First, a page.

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Mali - After the extremists

Salym Fayad | Mali

Fisherman on standby. "For security reasons" fishermen could not travel or work along the Niger River, as authorities feared that extremists would launch attacks on the city from there, arriving from the island of Kadji.

In early 2013 a French military intervention put an end to an 11-month long Islamist occupation of northern Mali. Extremist groups had tried to establish a brutal regime based on a strict interpretation of Islamic law.

Most of the militants were expelled from the main cities, but the aftermath of the occupation in Gao, northern Mali’s largest city, has left a feeling of uneasiness and social rupture. Thousands fled to refugee camps; the Malian army was accused of summary executions in retaliation for the 2012 Tuareg separatist rebellion, which some considered the origin of the conflict.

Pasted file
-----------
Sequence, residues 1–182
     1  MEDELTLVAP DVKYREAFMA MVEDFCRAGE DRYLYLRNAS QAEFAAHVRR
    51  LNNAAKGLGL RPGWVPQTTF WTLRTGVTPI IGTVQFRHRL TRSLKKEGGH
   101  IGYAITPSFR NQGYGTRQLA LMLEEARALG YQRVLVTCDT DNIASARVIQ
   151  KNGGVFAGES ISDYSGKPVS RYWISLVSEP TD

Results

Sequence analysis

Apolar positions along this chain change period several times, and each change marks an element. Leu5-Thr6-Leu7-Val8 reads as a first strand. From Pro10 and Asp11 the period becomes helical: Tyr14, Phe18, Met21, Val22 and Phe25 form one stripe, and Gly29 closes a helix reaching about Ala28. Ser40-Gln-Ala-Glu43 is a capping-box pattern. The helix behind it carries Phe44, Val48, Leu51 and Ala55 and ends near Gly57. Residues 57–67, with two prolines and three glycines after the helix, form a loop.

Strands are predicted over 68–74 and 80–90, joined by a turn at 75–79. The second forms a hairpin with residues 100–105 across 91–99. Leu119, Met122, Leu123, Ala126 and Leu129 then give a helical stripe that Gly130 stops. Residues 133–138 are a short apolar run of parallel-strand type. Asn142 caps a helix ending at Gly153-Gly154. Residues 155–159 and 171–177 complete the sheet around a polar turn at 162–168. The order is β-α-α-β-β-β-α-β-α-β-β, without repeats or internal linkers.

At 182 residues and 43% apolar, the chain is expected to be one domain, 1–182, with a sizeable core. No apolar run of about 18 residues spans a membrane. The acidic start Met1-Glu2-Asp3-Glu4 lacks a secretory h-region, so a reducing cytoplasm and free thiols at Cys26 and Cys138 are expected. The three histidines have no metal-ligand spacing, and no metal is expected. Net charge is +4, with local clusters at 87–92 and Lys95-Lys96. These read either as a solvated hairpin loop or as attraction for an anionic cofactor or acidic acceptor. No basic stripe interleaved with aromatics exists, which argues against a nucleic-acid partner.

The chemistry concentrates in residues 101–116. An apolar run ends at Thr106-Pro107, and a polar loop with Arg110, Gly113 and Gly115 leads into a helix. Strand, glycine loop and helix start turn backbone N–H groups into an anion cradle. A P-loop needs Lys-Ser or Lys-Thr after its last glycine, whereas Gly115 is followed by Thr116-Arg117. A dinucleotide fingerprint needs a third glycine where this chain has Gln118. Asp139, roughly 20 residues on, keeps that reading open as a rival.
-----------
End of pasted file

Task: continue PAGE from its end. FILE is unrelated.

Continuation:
Ethnic tensions emerged after the French intervention. Members of the Tuareg and Arab minorities virtually disappeared from Gao, accused of supporting rebels or Islamists or of being involved in the trans-Saharan drug trade.

Checkpoints, curfews, patrols, raids and detentions became the norm. Fishing and passenger transport were forbidden. Many were grateful for France’s military intervention. For others, the ubiquitous presence of foreign troops in northern Mali is a reminder of the deep social scars left by the conflict. 


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